The cost of mailing a first-class letter could be increased from 18 to 20 cents today by the U.S. Postal Service Board of Governors, an unprecedented move that would bypass the independent Postal Rate Commission.

It would take at least 10 days for new postal rates to be put into effect if the board adopts them.

The board of governors is scheduled to convene a special meeting at 8 a.m. to discuss postal rates. The Postal Service wants a first-class stamp of 20 cents and other increases for a total additional cost to mailers of more than $3.7 billion.

But the 11-year-old Postal Rate Commission, charged by law with reviewing Postal Service proposals and recommending its own to the board of governors, wants an 18-cent stamp. The rate commission has twice blocked Postal Service attempts to get a 20-cent stamp.

The rate increase is the fifth request since the Postal Reorganization Act of 1970, which created the rate commission. If the board of governors adopts the Postal Service rate increase package today, it would be the first time the board has not approved a rate commission recommendation.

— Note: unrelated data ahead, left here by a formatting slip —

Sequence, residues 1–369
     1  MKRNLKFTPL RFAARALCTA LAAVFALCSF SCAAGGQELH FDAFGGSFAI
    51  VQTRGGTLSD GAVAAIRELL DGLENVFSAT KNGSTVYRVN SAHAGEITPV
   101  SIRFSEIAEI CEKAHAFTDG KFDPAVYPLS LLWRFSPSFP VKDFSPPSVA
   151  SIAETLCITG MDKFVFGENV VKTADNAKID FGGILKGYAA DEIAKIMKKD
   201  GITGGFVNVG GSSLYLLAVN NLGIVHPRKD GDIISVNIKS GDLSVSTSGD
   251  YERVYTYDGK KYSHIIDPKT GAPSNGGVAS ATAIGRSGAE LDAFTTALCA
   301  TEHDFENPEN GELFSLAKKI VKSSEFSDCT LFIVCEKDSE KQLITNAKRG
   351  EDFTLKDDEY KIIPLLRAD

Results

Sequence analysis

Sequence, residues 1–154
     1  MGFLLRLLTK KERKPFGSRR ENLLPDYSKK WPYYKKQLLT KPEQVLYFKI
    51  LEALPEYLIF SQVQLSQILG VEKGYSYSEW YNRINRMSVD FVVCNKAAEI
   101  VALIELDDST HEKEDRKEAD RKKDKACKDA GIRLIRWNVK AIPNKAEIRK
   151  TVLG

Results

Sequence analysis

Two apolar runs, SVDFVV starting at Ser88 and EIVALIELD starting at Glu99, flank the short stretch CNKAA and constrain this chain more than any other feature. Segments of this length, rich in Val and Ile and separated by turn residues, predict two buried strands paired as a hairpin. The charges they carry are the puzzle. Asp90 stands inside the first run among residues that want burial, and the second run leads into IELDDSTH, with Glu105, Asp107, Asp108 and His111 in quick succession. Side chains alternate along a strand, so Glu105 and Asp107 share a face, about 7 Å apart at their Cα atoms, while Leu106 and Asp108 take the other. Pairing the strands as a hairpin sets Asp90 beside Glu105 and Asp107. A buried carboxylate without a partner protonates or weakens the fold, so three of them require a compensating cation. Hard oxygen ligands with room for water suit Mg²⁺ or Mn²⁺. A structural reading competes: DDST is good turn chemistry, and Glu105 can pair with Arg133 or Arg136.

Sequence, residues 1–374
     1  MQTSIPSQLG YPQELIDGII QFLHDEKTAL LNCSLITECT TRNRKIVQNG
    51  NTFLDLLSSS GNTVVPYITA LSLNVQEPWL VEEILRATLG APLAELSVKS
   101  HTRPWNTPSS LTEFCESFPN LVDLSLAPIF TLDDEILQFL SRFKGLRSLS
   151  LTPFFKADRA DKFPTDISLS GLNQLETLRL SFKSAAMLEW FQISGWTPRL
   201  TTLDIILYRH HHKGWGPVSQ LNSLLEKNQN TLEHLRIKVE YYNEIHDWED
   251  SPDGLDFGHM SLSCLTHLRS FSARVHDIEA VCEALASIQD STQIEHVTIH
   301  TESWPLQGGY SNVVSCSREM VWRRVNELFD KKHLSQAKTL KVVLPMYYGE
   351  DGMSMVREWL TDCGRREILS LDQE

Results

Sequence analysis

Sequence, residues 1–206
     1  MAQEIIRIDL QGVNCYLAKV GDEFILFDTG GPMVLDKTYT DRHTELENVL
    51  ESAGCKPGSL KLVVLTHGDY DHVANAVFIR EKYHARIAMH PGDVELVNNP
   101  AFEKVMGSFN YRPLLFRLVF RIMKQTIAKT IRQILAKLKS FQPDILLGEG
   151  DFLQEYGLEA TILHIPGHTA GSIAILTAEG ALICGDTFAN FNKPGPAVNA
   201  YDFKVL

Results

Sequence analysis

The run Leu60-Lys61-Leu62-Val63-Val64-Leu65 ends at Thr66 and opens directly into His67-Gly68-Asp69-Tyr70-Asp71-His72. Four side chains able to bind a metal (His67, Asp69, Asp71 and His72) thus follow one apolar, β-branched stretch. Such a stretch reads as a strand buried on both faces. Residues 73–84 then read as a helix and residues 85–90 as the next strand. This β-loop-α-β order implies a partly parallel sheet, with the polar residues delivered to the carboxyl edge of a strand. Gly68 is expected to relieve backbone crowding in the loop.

The board favors the 20-cent stamp. But postal observers said yesterday they aren't certain what the governors will do in their meeting today. In order to impose a new rate structure unilaterally, the nine-member board would have to vote unanimously and show that the rate commission's proposal to keep the 18-cent first-class stamp in inadequate.

Among the governor's other options today are: accept the rate commission's earlier recommendation, return it to commission for reconsideration or seek judicial review.

If the board of governors unilaterally adopts the new rates, observers said, it would be open to lawsuits because proponents of lower rates claim the law is unclear on the board's authority to bypass the rate commission.

Last February the commission first rejected the Postal Service's request, saying an 18-cent stamp is adequate to allow the service to break even, and sent its recommendation to the board of governors.

But the board rejected it, saying it would allow the price of a first-class stamp to rise from 15 cents to 18 cents while the rate commission again reviewed the request. At that time, the board of governors said it would immediately seek a permanent increase to 20 cents because of Postal Service needed to break even.

But on June 4, the rate commission rejected for a second time the 20-cent stamp and other increases the Postal Service wanted, creating an unprecedented stalemate.

Postmaster General William F. Bolger has maintained that he needs at least a 20-cent first-class stamp for the Postal Service to break even.

In addition to higher first-class rates, Bolger has recommended raising the price of a postcard from 10 cents to 13 cents and higher parcel post and other rates, resulting in a $3.75 billion increase in rates and fees. The commission has suggested different rates, including a 12-cent postcard.